Most of the My Colors features can be used in playback mode, save for Color Accent, Color Swap, and Custom Color.


Assigning a category to a photo

The new My Category feature lets you assign photos to any of seven possible categories (events, people, scenery, to-do, and custom 1-3). If you have Auto Category turned on in the recording menu then this will be done automatically for some of your photos. There are three custom categories, though I don't see a way to give them a name instead of the generic "My Category 1". You can select images by their category and display slide shows of them, or delete/protect them.

You can use the G7's scroll wheel to quickly breeze through photos (see screenshot). In addition, the jump feature lets you move forward/ back by sets of 10 or 100 photos, or by date or category.

By default you won't get much information about your photo while in playback mode. But press the Display button and you'll get more info, including a histogram.

The G7 moves between images almost instantly, with your choice of two snazzy transitions. And, when you rotate the camera 90 degrees, the photo on the LCD rotates too.

How Does it Compare?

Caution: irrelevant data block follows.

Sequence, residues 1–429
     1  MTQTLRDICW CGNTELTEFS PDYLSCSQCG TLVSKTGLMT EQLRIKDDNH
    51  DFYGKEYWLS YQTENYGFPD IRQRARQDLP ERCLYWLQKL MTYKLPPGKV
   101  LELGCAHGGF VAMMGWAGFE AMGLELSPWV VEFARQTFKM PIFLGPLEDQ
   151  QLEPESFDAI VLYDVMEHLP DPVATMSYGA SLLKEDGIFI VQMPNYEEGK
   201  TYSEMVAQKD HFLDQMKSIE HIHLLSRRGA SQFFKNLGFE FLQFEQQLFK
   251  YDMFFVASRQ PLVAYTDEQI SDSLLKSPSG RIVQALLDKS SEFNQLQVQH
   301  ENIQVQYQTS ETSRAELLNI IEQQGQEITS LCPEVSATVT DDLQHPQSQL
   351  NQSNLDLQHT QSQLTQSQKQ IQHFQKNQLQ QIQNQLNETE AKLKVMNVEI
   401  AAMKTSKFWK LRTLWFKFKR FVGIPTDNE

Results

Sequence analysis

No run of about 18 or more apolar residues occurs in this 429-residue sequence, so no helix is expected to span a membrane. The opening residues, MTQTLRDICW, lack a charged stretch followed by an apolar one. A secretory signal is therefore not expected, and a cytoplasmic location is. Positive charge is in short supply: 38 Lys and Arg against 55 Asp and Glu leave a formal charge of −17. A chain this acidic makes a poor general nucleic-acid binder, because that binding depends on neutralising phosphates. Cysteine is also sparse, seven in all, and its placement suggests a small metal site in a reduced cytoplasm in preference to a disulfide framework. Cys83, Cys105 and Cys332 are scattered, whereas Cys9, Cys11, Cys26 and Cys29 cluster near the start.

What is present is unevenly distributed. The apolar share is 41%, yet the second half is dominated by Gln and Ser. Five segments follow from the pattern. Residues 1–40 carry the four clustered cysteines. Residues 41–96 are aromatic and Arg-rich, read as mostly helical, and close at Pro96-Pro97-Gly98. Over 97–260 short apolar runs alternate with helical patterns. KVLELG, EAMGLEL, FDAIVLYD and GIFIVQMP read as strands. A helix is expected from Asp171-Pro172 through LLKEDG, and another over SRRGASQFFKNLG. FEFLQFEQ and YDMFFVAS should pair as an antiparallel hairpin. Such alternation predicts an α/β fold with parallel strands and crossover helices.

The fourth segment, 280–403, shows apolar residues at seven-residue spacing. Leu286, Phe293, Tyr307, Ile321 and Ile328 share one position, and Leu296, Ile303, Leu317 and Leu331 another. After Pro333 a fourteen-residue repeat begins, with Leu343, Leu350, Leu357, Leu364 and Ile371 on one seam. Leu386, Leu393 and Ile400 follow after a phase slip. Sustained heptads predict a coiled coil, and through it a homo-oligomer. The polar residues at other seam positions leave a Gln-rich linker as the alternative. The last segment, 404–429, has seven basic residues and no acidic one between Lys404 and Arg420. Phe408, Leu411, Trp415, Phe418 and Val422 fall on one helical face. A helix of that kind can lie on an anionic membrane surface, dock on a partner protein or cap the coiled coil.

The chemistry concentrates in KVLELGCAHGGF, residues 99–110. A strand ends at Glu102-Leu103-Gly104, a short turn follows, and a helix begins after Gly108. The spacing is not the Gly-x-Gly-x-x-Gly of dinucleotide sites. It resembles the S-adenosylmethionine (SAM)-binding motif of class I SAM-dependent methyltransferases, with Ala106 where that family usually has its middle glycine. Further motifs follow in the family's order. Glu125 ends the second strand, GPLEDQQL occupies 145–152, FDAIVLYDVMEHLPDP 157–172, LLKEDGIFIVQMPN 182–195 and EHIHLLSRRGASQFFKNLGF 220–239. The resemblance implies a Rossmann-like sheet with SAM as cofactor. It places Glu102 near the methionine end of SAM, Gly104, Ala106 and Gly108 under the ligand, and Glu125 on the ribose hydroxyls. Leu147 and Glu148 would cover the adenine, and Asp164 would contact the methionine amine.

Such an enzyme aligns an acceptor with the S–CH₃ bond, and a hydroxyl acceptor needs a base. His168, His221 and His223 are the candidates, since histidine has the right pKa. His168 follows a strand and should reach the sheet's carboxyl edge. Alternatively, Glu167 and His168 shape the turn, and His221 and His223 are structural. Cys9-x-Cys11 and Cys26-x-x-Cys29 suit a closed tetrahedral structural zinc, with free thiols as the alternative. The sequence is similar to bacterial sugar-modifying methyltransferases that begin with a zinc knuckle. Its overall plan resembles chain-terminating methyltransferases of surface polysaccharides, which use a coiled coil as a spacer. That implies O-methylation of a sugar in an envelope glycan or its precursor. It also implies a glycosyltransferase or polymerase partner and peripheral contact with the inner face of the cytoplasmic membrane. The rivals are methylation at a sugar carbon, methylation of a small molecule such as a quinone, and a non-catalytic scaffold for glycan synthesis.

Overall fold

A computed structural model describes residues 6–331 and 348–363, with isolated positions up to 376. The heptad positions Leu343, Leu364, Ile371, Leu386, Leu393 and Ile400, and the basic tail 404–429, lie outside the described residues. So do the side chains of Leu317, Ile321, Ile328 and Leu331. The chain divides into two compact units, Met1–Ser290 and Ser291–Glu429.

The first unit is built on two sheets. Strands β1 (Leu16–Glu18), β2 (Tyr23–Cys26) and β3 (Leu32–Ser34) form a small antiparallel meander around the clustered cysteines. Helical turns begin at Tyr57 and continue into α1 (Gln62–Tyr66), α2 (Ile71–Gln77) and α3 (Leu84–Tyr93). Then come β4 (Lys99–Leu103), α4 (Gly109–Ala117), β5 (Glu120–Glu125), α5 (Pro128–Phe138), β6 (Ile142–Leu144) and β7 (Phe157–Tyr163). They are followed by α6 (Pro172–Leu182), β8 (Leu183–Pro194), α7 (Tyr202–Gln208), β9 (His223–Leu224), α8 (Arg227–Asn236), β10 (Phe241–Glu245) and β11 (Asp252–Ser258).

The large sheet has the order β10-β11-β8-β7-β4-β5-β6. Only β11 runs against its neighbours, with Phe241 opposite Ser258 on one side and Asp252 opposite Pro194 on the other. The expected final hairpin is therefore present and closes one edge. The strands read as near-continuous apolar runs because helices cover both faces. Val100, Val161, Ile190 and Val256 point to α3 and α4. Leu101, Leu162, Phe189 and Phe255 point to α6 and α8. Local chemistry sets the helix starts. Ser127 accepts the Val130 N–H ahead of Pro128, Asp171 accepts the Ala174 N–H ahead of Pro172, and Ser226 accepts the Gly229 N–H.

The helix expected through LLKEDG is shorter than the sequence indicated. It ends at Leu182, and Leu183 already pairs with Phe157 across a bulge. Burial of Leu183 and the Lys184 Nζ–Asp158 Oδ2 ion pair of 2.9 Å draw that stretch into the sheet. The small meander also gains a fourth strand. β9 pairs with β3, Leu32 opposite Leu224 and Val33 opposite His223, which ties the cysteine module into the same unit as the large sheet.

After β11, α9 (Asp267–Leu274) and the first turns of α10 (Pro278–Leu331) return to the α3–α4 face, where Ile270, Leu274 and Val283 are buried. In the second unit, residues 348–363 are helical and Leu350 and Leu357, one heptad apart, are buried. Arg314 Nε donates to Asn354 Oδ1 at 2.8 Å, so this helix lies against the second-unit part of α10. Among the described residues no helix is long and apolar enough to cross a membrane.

Standing on its own, the Canon PowerShot G7 is a very good, full-featured camera. It has very good image quality, superb performance, a stabilized 6X zoom lens, full manual controls, and support for an external flash. However, as a follow-up to the PowerShot G6, this camera is a big disappointment. Gone are the fast lens, rotating LCD, remote control, LCD info display, and RAW support that made that camera one of my favorites. And, with a retail price of almost $600, the G7 is priced dangerously close to entry-level digital SLRs. Do I recommend it? Yep. In the same way that I did the previous G-series cameras? Nope.

The PowerShot G7 is a midsize, somewhat bulky camera that has a retro style to it. Build quality is excellent -- it feels like a brick in your hands (just not as heavy). It's not terribly comfortable in your hands, as there's not much of a right hand grip, and the large amounts of buttons make it hard to put your fingers in a safe place. You cannot swap memory cards while the camera is on a tripod.